Israel’s attorney general is considering indicting the wife of Prime Minister Benjamin Netanyahu, Sara, on suspicion of using state funds for personal dining and catering services amounting to some $100,000, the justice ministry said on Friday.
The ministry statement said the attorney general was considering prosecuting Sara Netanyahu for offences that include fraudulently procuring items, fraud and breach of trust.
A post on the prime minister’s Facebook page published late on Thursday in response to media reports about a forthcoming announcement by Attorney General Avichai Mandelblit, said the claims against Sara Netanyahu were “absurd and will be proven to be unfounded”.
It was unclear what political impact Friday’s announcement might have on Netanyahu, who himself is under investigation in two corruption cases.
One of those, known as Case 1000, involves gifts that the prime minister and his family may have received from businessmen, while Case 2000 deals with alleged efforts by him to secure better coverage from an Israeli newspaper publisher.
Netanyahu – who has been prime minister for 11 years over four terms – has denied any wrongdoing.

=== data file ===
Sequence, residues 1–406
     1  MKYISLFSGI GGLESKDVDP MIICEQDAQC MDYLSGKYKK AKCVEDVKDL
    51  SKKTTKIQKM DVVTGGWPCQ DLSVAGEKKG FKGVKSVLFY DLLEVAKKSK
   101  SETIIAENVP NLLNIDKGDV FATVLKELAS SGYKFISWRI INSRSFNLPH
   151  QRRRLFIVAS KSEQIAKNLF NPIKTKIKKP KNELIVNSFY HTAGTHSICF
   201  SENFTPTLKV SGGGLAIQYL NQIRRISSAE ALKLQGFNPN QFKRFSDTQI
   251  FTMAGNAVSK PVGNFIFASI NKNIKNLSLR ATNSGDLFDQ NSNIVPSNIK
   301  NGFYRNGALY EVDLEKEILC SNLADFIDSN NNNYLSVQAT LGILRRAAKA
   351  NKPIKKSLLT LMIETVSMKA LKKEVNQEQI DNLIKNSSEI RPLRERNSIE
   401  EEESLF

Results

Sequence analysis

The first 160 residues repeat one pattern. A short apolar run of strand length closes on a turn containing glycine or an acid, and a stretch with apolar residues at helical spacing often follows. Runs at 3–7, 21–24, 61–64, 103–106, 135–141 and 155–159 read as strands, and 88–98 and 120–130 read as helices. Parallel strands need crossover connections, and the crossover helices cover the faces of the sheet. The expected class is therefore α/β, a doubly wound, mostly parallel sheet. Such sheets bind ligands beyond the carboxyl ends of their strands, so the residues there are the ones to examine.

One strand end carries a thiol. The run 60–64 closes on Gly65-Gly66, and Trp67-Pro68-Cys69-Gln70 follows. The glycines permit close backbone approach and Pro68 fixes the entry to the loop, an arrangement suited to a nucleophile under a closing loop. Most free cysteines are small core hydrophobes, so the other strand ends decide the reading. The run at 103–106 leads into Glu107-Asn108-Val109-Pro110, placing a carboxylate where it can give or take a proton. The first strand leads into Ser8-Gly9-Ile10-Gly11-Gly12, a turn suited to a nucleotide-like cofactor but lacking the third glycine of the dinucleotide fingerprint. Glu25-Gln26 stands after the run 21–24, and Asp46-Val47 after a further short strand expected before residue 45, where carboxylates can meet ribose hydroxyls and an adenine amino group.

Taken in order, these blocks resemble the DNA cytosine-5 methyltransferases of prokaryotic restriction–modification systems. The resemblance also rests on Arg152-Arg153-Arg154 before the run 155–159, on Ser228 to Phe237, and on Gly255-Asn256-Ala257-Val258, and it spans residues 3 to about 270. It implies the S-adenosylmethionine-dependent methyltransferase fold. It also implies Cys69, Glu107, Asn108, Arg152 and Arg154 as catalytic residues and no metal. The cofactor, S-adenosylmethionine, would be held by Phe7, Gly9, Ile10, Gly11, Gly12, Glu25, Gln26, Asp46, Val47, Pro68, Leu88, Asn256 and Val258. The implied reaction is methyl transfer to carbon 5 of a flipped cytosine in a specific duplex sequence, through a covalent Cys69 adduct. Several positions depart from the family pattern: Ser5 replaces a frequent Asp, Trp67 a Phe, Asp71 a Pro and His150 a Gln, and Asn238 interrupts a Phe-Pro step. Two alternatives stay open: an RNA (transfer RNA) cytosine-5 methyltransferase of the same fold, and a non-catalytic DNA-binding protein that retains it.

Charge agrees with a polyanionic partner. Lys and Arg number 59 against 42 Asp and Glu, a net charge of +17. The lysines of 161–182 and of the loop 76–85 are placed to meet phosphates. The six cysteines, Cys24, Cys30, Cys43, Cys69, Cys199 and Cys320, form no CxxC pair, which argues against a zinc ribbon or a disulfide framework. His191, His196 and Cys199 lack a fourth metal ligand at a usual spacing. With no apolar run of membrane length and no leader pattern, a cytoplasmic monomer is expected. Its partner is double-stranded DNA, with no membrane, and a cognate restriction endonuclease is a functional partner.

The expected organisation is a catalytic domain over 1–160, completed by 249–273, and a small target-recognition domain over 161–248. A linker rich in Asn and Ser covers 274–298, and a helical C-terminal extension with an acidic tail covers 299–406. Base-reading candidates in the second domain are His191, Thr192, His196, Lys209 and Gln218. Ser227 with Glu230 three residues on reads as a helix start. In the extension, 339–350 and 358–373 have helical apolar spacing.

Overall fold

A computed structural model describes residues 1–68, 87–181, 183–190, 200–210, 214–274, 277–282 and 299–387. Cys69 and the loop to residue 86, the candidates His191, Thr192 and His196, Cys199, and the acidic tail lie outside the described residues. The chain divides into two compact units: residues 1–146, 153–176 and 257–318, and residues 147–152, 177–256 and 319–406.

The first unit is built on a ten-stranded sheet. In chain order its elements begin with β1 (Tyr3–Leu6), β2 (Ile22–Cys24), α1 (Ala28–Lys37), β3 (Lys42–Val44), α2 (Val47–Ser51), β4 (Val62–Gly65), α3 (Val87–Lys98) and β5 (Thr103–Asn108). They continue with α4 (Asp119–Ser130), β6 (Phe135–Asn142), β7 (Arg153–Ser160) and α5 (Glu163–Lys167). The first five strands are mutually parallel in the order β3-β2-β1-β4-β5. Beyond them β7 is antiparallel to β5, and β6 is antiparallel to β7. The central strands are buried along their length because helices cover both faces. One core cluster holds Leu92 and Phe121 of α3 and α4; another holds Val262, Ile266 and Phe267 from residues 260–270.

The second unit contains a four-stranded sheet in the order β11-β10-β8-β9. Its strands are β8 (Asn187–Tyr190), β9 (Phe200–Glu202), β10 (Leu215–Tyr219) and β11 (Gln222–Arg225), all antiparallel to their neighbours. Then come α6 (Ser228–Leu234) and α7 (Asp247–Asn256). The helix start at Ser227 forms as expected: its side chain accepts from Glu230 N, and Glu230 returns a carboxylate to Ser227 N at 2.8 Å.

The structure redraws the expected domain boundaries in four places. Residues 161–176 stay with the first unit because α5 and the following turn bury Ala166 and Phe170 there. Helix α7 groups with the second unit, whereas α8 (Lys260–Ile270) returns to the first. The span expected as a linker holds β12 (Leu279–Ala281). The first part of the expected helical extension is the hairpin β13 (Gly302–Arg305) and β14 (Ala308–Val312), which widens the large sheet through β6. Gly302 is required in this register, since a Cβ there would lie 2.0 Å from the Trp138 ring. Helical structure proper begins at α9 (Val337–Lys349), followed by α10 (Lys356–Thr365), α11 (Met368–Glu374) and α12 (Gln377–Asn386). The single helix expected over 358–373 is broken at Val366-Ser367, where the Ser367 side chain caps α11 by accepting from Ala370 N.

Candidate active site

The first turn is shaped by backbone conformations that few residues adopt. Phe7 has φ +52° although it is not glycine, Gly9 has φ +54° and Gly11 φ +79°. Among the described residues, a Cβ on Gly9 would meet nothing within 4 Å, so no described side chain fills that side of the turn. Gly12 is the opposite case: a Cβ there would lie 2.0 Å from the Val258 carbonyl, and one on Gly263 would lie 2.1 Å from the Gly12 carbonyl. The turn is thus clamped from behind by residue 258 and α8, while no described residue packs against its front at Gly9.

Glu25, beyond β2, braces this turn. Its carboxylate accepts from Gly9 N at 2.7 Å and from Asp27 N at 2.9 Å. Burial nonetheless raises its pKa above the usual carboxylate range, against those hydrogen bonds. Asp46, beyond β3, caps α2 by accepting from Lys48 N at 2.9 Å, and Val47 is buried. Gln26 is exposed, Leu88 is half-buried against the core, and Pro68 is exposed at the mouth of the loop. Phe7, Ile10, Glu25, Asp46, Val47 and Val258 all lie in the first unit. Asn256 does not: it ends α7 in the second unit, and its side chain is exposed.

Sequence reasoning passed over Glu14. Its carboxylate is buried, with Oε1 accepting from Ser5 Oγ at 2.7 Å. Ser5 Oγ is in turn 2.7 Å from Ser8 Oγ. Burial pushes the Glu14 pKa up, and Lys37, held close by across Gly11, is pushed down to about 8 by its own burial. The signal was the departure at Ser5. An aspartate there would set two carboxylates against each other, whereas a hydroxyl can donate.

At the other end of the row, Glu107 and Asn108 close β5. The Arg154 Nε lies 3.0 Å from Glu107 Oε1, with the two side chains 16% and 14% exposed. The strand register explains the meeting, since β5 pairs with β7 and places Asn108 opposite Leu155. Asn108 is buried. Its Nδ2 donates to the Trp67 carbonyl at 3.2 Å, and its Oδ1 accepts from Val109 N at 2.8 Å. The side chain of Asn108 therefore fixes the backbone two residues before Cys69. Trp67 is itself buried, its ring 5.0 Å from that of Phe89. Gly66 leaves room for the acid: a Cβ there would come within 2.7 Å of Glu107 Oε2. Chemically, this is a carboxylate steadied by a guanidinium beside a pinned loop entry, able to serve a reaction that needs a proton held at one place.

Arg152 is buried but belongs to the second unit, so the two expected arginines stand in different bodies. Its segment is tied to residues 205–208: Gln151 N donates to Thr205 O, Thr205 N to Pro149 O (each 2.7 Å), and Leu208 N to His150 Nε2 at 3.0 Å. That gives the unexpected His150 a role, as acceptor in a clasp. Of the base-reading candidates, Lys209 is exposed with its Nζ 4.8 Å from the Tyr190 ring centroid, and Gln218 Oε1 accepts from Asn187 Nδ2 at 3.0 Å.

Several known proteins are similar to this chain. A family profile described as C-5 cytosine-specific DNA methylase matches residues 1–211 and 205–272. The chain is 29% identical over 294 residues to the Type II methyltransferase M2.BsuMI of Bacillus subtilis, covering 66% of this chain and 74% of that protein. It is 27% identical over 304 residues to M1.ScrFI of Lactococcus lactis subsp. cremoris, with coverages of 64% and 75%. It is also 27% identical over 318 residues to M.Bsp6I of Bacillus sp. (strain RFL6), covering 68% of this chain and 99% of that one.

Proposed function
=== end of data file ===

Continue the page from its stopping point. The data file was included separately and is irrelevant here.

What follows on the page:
Likud’s religious-nationalist coalition partners, seeing no threat to their agenda with Netanyahu as prime minister, are likewise sticking with him for now.
In a case dubbed “the meals-ordering affair” by the Justice Ministry, Sara Netanyahu with help from an aide allegedly created a false impression between 2010-2013 that no cooks were employed at the prime minister’s official residence, while indeed there were, according to the ministry statement.
This was done, the statement said, to procure state funding for outside catering that would have been covered had there been no chef.
“In this way, hundreds of meals from restaurants and chefs worth 359,000 shekels ($102,399) were received from the state fraudulently,” said the justice ministry statement.
Sara Netanyahu has the option to plead her case in a hearing with the attorney general.